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Correct response: What is the guillotine?


Did you know that you can now find game-by-game stats of everyone, now including Matt Amodio, Jonathan Fisher, and Amy Schneider, who has won 10 or more games on Jeopardy!, here on the site?


More information about Final Jeopardy: (The following write-up is original content and is copyright 2022 The Jeopardy! Fan. It may not be copied without linked attribution back to this page.)

The guillotine is a very famous device, invented by the French in the late 18th century as a device to inflict capital punishment. While the guillotine was seen as a symbol of equality in France in that it was used regardless of class status, it was most famously used during the French Revolution’s Reign of Terror to inflict capital punishment on many who disagreed with Robespierre. (Robespierre himself was ultimately guillotined as well.) With regards to Victor Hugo, the guillotine was described as in the clue in Chapter IV of Les Miserables. As a further note: While the Gutenberg Project’s copy of the quotation differs from most other sources, viewers are reminded that Les Miserables was originally written in French; thus, no English translation could be seen as ultimately definitive, at least in this case.


We have many new offerings at The Jeopardy! Fan Online Store! Proceeds from the sale of the “Doctor Oz’s Fast-Acting Snake Oil Elixir” T-shirt are being donated to The Trevor Project:


Looking to find out who won Jeopardy! today? Tonight’s results are below!

Scores going into Final:
Amy $28,800
Cory $11,200
Clark $4,000


Tonight’s results:
Clark $4,000 – $5 = $3,995 (What is liberty?)
Cory $11,200 – $0 = $11,200 (What is DEATH?)
Amy $28,800 + $4,000 = $32,800 (What is the guillotine?) (32-day total: $1,101,600)


Amy Schneider, today's Jeopardy! winner (for the January 13, 2022 game.)


Scores after the Jeopardy! Round:
Amy $10,400
Clark $2,800
Cory $1,200


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Opening break taken after: 15 clues


Daily Double locations:
1) MIDDLE X $800 (clue #24)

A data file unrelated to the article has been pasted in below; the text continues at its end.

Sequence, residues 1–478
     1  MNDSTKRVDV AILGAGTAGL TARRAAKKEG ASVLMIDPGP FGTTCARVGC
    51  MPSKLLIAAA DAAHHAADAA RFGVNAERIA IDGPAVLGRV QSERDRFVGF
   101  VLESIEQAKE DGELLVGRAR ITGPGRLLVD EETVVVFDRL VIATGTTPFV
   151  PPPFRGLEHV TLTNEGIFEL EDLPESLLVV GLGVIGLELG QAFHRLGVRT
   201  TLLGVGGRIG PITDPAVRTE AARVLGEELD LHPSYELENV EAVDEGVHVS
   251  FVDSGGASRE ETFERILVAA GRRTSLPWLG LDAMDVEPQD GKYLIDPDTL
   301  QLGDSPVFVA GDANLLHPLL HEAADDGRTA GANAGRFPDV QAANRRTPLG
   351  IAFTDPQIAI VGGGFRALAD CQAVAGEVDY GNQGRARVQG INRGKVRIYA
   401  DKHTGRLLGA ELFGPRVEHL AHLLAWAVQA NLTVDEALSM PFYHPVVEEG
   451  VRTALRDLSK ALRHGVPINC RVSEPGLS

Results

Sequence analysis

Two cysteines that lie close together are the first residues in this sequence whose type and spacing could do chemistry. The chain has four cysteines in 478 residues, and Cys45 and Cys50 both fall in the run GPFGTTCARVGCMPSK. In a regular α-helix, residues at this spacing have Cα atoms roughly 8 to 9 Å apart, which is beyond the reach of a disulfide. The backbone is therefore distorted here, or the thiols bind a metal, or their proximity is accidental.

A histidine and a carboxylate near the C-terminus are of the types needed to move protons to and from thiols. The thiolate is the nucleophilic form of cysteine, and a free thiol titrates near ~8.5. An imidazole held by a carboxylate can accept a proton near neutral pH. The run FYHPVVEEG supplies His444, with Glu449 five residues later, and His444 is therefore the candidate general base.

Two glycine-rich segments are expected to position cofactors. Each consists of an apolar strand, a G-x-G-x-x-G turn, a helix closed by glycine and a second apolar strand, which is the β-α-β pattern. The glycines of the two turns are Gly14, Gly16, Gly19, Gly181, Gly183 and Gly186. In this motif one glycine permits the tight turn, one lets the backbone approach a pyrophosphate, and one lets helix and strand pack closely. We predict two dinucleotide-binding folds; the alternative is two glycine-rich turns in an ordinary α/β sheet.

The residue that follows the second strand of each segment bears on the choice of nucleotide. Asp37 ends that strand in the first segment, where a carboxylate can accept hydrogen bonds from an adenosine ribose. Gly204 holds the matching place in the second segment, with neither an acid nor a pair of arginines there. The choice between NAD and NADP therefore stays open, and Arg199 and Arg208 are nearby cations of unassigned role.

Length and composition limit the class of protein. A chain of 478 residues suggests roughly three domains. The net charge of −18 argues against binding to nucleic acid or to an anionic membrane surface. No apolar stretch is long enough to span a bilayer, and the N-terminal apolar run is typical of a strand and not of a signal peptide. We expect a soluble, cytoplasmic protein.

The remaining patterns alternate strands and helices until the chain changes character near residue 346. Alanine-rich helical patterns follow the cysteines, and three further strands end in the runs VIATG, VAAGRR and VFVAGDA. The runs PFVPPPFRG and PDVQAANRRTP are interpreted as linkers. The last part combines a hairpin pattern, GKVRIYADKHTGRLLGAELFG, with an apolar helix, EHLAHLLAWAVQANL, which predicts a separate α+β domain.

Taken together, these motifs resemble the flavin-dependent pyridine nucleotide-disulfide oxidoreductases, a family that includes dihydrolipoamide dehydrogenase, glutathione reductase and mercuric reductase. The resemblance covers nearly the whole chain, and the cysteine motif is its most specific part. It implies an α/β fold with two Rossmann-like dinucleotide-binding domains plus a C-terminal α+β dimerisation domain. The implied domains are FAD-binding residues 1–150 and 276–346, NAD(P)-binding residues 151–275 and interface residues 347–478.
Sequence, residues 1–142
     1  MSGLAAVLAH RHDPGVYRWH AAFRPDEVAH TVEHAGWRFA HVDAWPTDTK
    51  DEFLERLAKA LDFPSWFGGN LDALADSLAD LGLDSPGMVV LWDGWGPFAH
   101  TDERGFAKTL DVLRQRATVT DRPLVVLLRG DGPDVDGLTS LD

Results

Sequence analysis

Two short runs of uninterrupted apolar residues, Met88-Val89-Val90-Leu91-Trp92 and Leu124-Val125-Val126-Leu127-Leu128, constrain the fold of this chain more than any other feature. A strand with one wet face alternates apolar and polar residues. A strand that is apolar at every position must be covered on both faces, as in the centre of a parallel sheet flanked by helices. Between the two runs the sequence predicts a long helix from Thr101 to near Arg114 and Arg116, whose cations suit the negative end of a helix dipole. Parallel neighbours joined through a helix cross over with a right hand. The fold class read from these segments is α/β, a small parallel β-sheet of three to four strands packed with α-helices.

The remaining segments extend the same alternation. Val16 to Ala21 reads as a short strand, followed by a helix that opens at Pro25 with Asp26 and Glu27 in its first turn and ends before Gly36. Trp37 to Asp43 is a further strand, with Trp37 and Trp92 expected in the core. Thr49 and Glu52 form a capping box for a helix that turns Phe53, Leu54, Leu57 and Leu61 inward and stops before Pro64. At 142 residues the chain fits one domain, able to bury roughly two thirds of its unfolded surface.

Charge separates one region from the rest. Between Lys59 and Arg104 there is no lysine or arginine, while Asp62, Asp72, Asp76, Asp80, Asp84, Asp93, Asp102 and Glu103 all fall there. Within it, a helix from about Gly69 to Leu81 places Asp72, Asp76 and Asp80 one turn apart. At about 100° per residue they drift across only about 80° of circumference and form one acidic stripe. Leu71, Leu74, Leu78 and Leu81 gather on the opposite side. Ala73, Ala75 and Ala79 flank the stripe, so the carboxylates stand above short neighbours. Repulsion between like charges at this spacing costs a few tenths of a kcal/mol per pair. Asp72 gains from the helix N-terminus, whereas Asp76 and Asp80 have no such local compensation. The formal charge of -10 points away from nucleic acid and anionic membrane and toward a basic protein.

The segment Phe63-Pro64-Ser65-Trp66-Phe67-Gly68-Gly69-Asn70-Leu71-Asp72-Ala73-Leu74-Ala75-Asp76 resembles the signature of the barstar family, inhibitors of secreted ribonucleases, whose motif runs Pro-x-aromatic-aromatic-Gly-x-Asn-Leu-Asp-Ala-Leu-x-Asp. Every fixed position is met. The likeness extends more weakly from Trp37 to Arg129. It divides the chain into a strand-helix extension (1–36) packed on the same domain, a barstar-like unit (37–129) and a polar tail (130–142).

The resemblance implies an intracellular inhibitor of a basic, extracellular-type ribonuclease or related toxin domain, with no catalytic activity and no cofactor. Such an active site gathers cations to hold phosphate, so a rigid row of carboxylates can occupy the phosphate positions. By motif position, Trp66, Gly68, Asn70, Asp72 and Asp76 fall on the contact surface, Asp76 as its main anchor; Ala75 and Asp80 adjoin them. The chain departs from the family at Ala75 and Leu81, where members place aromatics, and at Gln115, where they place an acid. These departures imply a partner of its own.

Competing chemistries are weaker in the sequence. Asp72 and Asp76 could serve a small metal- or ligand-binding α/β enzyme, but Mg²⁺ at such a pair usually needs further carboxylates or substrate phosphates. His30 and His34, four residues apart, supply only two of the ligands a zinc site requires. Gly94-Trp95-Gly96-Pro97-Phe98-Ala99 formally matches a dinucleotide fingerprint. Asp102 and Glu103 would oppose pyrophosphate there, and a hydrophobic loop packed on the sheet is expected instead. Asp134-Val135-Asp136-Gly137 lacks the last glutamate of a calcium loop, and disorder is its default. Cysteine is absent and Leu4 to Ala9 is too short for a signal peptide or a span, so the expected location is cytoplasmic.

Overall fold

Amy 6400 +2000 (Clark 1800 Cory 1800)
2) MOUNTAINS OF THE WORLD $1600 (clue #15)
Amy 12800 +4000 (Clark 4000 Cory 6000)
3) ANCIENT FAITH $2000 (clue #21, $10800 left on board)
Amy 21200 +2000 (Clark 4000 Cory 6000)
Overall Daily Double Efficiency for this game: 72


Unplayed clues:
J! Round: None!
DJ! Round: None!
Total Left On Board: $0
Number of clues left unrevealed this season: 13 (0.15 per episode average), 0 Daily Doubles


Game Stats:
Amy $25,200 Coryat, 29 correct, 2 incorrect, 47.37% in first on buzzer (27/57), 0/1 on rebound attempts (on 5 rebound opportunities)
Cory $11,200 Coryat, 15 correct, 4 incorrect, 33.33% in first on buzzer (19/57), 0/0 on rebound attempts (on 2 rebound opportunities)
Clark $4,000 Coryat, 8 correct, 1 incorrect, 12.28% in first on buzzer (7/57), 2/2 on rebound attempts (on 5 rebound opportunities)
Combined Coryat Score: $40,400
Lach Trash: $8,200 (on 8 Triple Stumpers)
Coryat lost to incorrect responses (less double-correct responses): $5,400

Amy Schneider, career statistics:
1024 correct, 60 incorrect
49/55 on rebound attempts (on 112 rebound opportunities)
51.76% in first on buzzer (941/1818)
48/56 on Daily Doubles (Net Earned: $148,600)
24/32 in Final Jeopardy
Average Coryat: $26,094

Clark Dawson, career statistics:
8 correct, 2 incorrect
2/2 on rebound attempts (on 5 rebound opportunities)
12.28% in first on buzzer (7/57)
0/0 on Daily Doubles
0/1 in Final Jeopardy
Average Coryat: $4,000

Cory Anotado, career statistics:
15 correct, 5 incorrect
0/0 on rebound attempts (on 2 rebound opportunities)
33.33% in first on buzzer (19/57)
0/0 on Daily Doubles
0/1 in Final Jeopardy
Average Coryat: $11,200

Amy Schneider, to win:
33 games: 91.038%
34: 84.265%
35: 74.309%
36: 64.851%
37: 58.652%
Avg. streak: 40.530 games.

Today’s interviews:
Cory has published three board games.
Clark had a baby around finals her second year of law school.
Amy hopes to travel to Ireland with her winnings.

Andy’s Thoughts:

  • Assuming that Final Jeopardy! responses are counted—and I believe they should be—PEOPLE IN HISTORY $400 was Amy’s 1000th correct response on the show.
  • Jeopardy! is very much a game of confidence and momentum, and I would expect that a lot of players have lost confidence early while playing Amy, leading to lower buzzer attempt numbers than they otherwise would have.